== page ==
Elmo’s Head: An Analysis of Recalled Fisher-Price Toys

The onslaught of recalled toys and food originating from China continues with yesterday’s recall of nearly 1 million Fisher-Price toys sold between April and July 2007, due to lead paint.

An Associated Press article cites 83 types of toys in the recall, but I found thumbnails for 81 on Mattel’s (Fisher-Price’s) recall web page (also displayed below).

Photo of the Stacking Rings Elmo toy.

When looking at the sea of toys, one thought pounded in my head: I would never have bought any of these products for my daughter.

  • Elmo’s head on a toy power drill
  • Elmo and Cookie Monster on a shape sorter
  • Elmo’s face on a 6-key musical keyboard
  • Cookie Monster on a toy saxophone

What does Cookie Monster have to do with sax music? When we buy out-of-context licensed characters we are following a marketer’s agenda for our children.

What constitutes an in-context toy? A Thomas the Tank Engine train toy. Winnie the Pooh books. A Dora the Explorer butterfly net. I would not buy a branded butterfly net when a non-branded version is available, but at least it’s exploration-themed.

I wrote about this topic last year when I saw an Etch-a-Sketch cheapened by Dora the Explorer imagery. Either you believe the over-commercialization of childhood is harmful, or today you are probably shipping some of your toys back to Fisher-Price/Mattel for replacement.

For my own time-wasting edification, I was going to create a pie chart showing the small percentage of recalled toys that did not feature licensed TV characters. To my dismay, every single toy had licensed characters. Pretend I made a single-color pie and it was very funny.

In lieu of that, I wasted my time examining which characters marketers want our children to bond with.

A graph showing a breakdown of recalled toys indicating all of the toys featured licensed characters from five children's TV shows.

Pie chart showing which characters from Sesame Street were featured in toys affected by the recall.

The “multiple characters” in Sesame Street toys (represented in purple in the pie chart above) are heavily slanted toward Elmo. He is a reoccurring character in virtually every one of the toys. The first runner-up is Cookie Monster.

Graph showing the number of Dora, Dora-Related and Diego characters in Dora the Explorer recalled toys.

Thumbnails of recalled toys are below.

Please review the following web sites for official recall information:

Thumbnail photos of recalled toys.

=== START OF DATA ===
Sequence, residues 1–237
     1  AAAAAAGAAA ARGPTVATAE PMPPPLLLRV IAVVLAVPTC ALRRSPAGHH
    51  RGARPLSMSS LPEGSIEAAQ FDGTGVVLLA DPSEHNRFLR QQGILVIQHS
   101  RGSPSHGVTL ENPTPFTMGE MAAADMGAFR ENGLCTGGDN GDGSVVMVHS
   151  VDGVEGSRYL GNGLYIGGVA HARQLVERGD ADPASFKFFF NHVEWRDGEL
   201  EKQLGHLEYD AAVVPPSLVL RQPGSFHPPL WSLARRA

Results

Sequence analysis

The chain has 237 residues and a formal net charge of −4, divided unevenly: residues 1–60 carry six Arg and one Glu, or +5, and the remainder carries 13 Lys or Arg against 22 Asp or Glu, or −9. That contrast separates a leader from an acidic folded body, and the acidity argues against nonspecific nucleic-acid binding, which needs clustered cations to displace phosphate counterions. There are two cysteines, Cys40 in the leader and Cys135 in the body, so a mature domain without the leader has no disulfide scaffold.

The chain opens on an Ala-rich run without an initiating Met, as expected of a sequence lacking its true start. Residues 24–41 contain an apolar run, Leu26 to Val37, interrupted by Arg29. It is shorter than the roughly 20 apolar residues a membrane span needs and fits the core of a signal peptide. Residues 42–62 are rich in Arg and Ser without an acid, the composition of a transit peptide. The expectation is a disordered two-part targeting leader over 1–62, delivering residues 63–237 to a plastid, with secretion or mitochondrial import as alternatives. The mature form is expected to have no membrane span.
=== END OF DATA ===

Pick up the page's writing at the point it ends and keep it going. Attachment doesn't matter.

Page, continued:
More thumbnail photos of recalled toys.

Even more thumbnail photos of recalled toys.


17 Responses to “Elmo’s Head: An Analysis of Recalled Fisher-Price Toys”

  1. Marianne says:

    Our 2 year old has only two battery operated toys, neither of which features a licensed character. He did briefly have a talking Elmo pull-toy (handed down by a relative) but we “lost” it at the first opportunity. All of our relatives and friends know that we prefer simple toys without distracting characters, lights etc. Many seem to find this puzzling, but they humour us.

    I enjoy reading your blog for many reasons… not least of which is that you get it! Thanks for continuing to do a great job.

    August 2nd, 2007 at 8:42 am

  2. Priscilla says:

    I’m somewhat embarrassed to say that we had 3 toys on the list (toolbench & it’s parts). I too have begun to resist buying anything that has a specific character, and I’ve found that shopping at teacher resource stores provides a great selection of non-commercialized toys. I also have a child who has no interest in television, so I guess that makes the avoidance of certain charaters a lot less painful!

    August 2nd, 2007 at 9:23 am

  3. Kay says:

    i appreciate the thumbnails. i don’t see the elmo tool bench as part of the recall, though.

    i’m actually not ashamed to say we have about 8 of the pictured toys. To me, it’s just part of their role playing. Plus they’re all gifts.

    August 2nd, 2007 at 9:56 am

  4. Priscilla says:

    The toolbench that we have is on about the 7th line in the above thumbnails. I guess I see these toys as a problem mainly when parents are knocking each other over each holiday season because their kids have to have the latest battery-induced-shaking red ball of fur. I do find this an interesting topic, though.

    August 2nd, 2007 at 10:09 am

  5. Michelle says:

    Interesting topic! The only reason that it is only licensed toys however is that Fisher Price outsources its licesced toys to other factories, while its unlicensed toys are produced on one of the most hi-tech, strictly regulated and great toy factories run in China. It was featured in the NYT just last week. Here’s a link…please make note of this in your original post…fisher price makes some great toys, which are developmentally appropriate, not battery operated and not licensed.

    August 2nd, 2007 at 10:19 am

  6. AJ says:

    Michelle, that’s an interesting news article. Being a publicist, I’d like to know the inspiration for the New York Times talking to the company on that topic in close proximity to the announced recall. Still, to be fair, the safety issue was detected relatively quickly instead of a year or two from now.

    I do own some Fisher-Price products, such as:

    Kid-Tough Digital Camera (bad review)

    Medical Kit (good review)

    Healthy Care Booster Seat (the only one I would ever recommend)

    But the image I have of Fisher-Price in my mind isn’t defined by those products. When I think of FP, I envision licensed TV characters slapped on toys to make them sell better. Walk down the toy aisles at Target or K-Mart. Licensed characters are a recipe for mediocrity. Most often, they don’t need to be there. A kid doesn’t need Elmo’s face on a power drill to role play as a construction worker or model after a parent fixing things around the home. Elmo’s face sells the product and reinforces Sesame Street’s presence in the child’s mind. Those are commercial goals, not my goals as a parent.